At the other end of the spectrum, though, there was Russia, where even the softest possible selection resulted in a one-stop race that lacked any real strategic creativity, because it simply was not possible.

For Spain, Pirelli has moved in the opposite direction with its tire picks, electing to take its soft, medium and hard compounds to Barcelona. While this would be standard in previous years given the abrasive nature of the track and its hard-on-tire, the more conservative nature of the 2017 compounds and the difficulty to bring them alive means that drivers could struggle to work with them.

“We’re going for the harder tires for the first time this year in Barcelona. I’m not sure if it’ll help us or not but I just don’t think it’s going to be good for anyone,” Ricciardo said.

“The tires are already hard enough so the harder compounds are just way too hard. Hopefully for Barcelona’s sake it’s hot and therefore these harder tires work, but if it’s cold then it’s going to be a struggle for everyone.”

A true test for F1 in 2017

The Circuit de Barcelona-Catalunya may not be the most inspiring circuit in F1, yet it does offer the most well-rounded test for all teams due to its mix of high- and low-speed corners, plus some decent-sized straights.

As a result, outside of the battle at the top between Mercedes and Ferrari, we should get some firm answers regarding how the midfield is really shaping up. There has been little to separate Force India, Williams, Toro Rosso, Haas and Renault so far this season, with each of the five appearing to stake a claim for being the top midfielder at one point or another.

So we may finally get some answers this weekend. Williams has appeared to have the best-rounded car, and was quick through testing in Barcelona. Force India looks more consistent and has promised a significant update package for the race, so may be able to leapfrog ahead in terms of true pace as well.

The race for fourth in worth millions of pounds in F1, not just pride. This race could set the tone for the fight to come through the remainder of the year.

2017 Spanish Grand Prix – Facts and Figures

Track: Circuit de Barcelona-Catalunya
Corners: 16
Lap Record: Kimi Raikkonen 1:21.670 (2008)
Tire Compounds: Soft/Medium/Hard
2016 Winner: Max Verstappen (Red Bull)
2016 Pole Position: Lewis Hamilton (Mercedes) 1:22.000
2016 Fastest Lap: Daniil Kvyat (Toro Rosso) 1:26.948
DRS Zones: T16 to T1; T9 to T10

2017 Spanish Grand Prix – TV/Stream Times

2023 SuperMotocross Power Rankings after Detroit: Chase Sexton narrowly leads Cooper Webb


For the fifth time in 10 rounds of the 2023 Monster Energy Supercross season, the three riders at the top of the championship standings shared a podium and while those points tell one story, the NBC SuperMotocross Power Rankings after Detroit tell a slightly different tale.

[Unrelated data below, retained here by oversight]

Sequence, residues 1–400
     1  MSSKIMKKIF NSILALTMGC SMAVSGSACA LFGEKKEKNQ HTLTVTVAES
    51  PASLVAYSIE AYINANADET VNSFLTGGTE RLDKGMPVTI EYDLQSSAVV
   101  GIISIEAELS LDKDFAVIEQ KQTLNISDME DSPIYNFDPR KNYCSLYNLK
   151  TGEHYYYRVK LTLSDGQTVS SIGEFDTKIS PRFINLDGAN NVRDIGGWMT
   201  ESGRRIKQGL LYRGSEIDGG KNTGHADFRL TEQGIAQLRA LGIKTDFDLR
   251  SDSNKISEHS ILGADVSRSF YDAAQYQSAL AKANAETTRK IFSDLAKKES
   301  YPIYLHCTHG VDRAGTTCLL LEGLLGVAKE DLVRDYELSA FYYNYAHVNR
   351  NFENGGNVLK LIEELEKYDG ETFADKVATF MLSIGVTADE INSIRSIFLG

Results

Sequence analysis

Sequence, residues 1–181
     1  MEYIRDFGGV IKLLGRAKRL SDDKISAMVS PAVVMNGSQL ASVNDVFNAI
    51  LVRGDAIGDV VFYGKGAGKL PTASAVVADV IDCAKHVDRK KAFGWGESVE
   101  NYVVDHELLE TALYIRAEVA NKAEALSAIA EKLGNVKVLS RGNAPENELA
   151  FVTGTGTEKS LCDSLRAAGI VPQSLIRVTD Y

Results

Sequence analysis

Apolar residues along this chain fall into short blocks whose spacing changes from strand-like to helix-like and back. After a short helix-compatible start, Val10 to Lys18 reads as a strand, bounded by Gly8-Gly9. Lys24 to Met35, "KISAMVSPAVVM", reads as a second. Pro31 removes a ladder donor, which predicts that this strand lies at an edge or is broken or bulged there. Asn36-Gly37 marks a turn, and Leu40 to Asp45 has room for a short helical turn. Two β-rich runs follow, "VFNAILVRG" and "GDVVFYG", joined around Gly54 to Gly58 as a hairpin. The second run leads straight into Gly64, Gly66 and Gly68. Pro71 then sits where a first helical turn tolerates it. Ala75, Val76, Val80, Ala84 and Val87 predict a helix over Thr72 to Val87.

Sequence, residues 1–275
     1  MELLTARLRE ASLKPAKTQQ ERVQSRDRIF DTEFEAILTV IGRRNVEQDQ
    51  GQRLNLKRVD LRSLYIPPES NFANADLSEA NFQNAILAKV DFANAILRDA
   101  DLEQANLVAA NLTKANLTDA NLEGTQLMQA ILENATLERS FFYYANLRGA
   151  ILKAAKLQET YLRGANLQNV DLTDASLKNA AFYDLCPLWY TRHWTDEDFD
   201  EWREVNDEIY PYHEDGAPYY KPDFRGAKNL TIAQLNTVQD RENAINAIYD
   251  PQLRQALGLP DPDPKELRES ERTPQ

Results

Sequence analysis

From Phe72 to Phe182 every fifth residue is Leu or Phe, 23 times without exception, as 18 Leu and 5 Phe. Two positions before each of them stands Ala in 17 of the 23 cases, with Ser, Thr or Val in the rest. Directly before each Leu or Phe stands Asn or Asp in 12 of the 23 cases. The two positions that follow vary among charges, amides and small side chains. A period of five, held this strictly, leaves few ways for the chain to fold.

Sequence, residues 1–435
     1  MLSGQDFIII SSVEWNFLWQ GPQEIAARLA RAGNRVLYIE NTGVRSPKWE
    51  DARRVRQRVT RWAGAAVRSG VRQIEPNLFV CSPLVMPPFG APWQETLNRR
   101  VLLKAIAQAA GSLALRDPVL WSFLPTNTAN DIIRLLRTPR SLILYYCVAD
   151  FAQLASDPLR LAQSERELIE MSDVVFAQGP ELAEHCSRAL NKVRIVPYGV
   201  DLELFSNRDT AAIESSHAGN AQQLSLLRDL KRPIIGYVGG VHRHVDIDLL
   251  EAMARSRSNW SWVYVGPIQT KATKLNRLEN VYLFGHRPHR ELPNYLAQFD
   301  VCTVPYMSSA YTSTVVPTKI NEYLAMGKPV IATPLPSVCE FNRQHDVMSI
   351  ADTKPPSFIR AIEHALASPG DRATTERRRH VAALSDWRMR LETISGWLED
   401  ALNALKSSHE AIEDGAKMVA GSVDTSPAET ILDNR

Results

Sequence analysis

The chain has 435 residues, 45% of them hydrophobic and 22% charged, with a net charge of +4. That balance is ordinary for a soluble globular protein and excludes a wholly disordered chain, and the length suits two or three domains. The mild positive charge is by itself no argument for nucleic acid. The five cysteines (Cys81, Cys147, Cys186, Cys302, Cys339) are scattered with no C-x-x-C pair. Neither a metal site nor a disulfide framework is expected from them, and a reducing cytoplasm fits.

SuperMotocross Power Rankings Detroit
Cooper Webb is peaking at the right time. – Feld Motor Sports

Chase Sexton has been all but perfect during the past 45 days with podium finishes in each of his heats and Triple Crown features. His only stumble during this period was a 10th-place finish in the Indianapolis Main. Last week, Sexton was perfect with wins in both his heat and the feature, although he needed a little help from an Aaron Plessinger mistake to take the top spot on the podium at the end of the night.

Cooper Webb finished fifth at Houston and was beginning to worry ever so slightly about his position in the points. Prior to the race in Tampa, he told NBC Sports that it was time to win and like Babe Ruth pointing to the outfield fence, Webb went out and captured it. Following that race, Webb has swept the podium and earned the red plate two weeks ago in Indianapolis. At Detroit, he added two more points on Eli Tomac as the season begins to wind down.

Tomac struggled with a stiff neck at Indianapolis and after a modest third-place showing in Detroit, he revealed he was still suffering a little. Webb and Sexton have been able to close the gap on Tomac in the past 45 days, but one of the main reasons he is so close in the points was a pair of wins that started the year. Seattle is going to be important for the defending champion because Tomac cannot afford to lose any more momentum with seven rounds remaining.

MORE: Chase Sexton inherits the win in Detroit

It appeared Jason Anderson was turning things around. He earned his fifth heat win at Detroit, which was also his sixth consecutive race (including features) in which he scored a top-five. A fall in the Detroit Main dropped him a lap off the pace and sent him home with a season-worst finish of ninth, causing a ripple effect in the SuperMotocross Power Rankings.

Justin Barcia was a huge part of the show last week in Detroit. He swapped positions with both Webb and Tomac in the middle stage of the race, which allowed Sexton to close the gap. Barcia finished fourth in that race to earn his third consecutive top-five. He’s been outside the top 10 only once in the first 10 rounds.